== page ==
Previous studies have found varying effects of maternal obesity on offspring health, and inconsistent results have yielded little conclusive evidence to date. This has been hypothesized to be associated with the direct and indirect effects of additional risk factors contributing to metabolic syndrome.

In a study from researchers at Pennington Biomedical Research Center, data encompassing 22 mothers with obesity with or without other risk factors for metabolic syndrome, including high blood sugar or high cholesterol, were studied. The objective was to examine in further detail whether the additional risk factors contributed to offspring health.

The researchers found that obese women with high blood sugar or high cholesterol had higher glucose levels compared to the women without the risk factors despite similar levels of weight and total fat mass gained during pregnancy.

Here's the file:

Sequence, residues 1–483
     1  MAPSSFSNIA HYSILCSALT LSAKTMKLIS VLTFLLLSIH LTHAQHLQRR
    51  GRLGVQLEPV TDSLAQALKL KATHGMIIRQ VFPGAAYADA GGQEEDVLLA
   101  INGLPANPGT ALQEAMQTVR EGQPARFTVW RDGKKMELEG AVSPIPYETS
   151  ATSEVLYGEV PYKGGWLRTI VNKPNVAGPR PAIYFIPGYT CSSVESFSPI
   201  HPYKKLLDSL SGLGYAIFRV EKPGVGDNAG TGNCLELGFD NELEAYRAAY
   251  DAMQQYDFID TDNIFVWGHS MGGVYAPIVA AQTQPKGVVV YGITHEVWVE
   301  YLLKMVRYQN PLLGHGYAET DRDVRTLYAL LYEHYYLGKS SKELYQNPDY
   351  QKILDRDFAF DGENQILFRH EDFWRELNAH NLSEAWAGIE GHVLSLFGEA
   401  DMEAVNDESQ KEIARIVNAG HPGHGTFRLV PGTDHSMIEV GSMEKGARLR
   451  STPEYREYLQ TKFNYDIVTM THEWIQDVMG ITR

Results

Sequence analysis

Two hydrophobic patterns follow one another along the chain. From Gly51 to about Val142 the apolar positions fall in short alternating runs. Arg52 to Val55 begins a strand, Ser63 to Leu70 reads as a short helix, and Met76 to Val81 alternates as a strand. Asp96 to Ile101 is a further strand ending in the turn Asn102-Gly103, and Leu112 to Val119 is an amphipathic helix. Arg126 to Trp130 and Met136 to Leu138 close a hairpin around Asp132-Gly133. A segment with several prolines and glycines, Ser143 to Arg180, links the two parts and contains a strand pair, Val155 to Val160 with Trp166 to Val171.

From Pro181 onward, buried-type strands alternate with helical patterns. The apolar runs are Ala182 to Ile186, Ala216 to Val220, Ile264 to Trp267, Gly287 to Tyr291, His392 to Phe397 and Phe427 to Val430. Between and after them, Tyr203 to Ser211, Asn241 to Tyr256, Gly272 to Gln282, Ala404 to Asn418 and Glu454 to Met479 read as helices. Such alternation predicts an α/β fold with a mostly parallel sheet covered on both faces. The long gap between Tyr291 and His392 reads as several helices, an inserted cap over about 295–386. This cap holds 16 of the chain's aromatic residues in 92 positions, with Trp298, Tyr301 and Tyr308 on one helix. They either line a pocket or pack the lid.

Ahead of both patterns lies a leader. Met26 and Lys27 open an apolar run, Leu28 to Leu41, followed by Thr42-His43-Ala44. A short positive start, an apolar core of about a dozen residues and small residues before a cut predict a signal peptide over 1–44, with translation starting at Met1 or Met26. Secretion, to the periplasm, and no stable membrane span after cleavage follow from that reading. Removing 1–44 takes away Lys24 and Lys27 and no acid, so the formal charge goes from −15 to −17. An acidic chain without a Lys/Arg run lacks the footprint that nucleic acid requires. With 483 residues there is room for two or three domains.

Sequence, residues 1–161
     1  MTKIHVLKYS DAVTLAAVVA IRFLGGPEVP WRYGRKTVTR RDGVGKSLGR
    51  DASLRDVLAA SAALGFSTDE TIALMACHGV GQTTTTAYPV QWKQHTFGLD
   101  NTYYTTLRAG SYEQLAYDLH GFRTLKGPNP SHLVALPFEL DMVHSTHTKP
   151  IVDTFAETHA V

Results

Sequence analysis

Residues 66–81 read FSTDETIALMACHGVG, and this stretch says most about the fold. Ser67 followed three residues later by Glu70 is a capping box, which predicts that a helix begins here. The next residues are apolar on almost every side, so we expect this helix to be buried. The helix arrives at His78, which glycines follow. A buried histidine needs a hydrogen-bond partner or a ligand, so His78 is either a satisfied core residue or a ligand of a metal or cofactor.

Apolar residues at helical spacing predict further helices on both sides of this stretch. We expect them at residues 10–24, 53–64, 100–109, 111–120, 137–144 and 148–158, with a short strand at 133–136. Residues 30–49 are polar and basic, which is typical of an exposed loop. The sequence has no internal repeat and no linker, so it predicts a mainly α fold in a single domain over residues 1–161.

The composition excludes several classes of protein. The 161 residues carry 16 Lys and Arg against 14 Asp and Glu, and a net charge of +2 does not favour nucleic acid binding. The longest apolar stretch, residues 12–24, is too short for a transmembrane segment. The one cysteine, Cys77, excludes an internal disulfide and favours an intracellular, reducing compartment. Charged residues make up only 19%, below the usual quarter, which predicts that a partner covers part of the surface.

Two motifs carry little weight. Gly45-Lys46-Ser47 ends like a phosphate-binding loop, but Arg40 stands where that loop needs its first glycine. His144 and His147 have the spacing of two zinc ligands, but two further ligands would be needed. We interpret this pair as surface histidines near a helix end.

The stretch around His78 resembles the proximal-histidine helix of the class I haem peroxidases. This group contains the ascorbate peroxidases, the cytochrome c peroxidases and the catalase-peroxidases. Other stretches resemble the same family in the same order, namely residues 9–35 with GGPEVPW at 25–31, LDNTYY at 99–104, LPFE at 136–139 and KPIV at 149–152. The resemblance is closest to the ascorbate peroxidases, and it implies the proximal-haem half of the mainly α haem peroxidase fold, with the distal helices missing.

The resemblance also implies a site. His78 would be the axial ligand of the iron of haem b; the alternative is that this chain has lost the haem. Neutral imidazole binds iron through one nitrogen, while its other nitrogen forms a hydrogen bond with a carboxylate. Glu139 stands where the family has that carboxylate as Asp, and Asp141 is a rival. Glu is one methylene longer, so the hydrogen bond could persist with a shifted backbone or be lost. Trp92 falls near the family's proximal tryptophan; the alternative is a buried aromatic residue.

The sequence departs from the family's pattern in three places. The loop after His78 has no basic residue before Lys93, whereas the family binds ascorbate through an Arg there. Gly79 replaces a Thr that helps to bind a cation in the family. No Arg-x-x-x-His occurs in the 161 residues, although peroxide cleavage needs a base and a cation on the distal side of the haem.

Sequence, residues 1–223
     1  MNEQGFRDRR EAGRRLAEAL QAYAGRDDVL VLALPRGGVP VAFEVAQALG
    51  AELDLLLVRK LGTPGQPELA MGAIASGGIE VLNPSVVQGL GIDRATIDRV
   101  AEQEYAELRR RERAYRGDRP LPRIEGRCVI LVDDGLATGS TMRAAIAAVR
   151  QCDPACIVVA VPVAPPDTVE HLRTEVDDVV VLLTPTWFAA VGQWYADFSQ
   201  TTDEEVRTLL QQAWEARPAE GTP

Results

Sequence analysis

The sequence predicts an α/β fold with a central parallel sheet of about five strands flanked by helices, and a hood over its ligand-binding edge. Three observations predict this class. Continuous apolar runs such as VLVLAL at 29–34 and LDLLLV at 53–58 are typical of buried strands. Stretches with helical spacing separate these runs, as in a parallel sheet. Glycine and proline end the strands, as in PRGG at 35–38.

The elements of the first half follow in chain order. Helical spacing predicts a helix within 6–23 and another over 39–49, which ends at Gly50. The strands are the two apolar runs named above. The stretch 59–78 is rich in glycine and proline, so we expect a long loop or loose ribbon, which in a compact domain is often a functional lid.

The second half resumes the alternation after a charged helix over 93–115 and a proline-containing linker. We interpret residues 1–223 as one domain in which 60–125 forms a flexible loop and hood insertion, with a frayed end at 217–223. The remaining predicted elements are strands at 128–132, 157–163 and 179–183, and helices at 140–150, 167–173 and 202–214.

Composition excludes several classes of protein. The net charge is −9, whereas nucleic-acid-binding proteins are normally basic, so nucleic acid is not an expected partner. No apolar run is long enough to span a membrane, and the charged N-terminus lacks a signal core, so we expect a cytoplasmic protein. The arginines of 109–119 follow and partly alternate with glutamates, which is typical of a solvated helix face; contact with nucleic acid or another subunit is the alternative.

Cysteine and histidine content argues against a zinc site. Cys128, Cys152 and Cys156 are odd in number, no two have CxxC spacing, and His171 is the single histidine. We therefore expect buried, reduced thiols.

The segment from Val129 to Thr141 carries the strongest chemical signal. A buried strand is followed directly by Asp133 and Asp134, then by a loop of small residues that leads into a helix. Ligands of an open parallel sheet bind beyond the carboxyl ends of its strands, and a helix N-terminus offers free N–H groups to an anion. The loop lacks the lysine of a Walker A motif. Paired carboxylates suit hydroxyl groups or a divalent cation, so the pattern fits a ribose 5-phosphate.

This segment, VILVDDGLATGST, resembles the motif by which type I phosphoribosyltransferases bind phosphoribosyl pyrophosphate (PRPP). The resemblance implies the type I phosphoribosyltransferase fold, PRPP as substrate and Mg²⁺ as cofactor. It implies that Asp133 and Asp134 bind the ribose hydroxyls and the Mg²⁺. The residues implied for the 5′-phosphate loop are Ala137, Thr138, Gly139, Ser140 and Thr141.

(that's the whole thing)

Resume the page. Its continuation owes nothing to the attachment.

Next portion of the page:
Importantly, offspring born to mothers with the additional risk factors weighed more and had more fat mass than offspring born to mothers without the additional risk factors.

Such findings indicate that the negative metabolic traits of obesity, including high cholesterol and blood sugar, results in a longer exposure to higher levels of glucose and triglycerides. In turn, this promotes fat mass and weight for the offspring at birth. Ultimately, associations between metabolic traits and offspring health are essential to understand as they could guide more effective prenatal interventions as well as postnatal treatments.

Epigenetic changes in offspring metabolism and cellular activity among the benefits of maternal physical activity during pregnancy

Epigenetic changes such as DNA methylation alter gene expression levels without changing the underlying genetic code. These changes are often a result of behavioral and environmental patterns.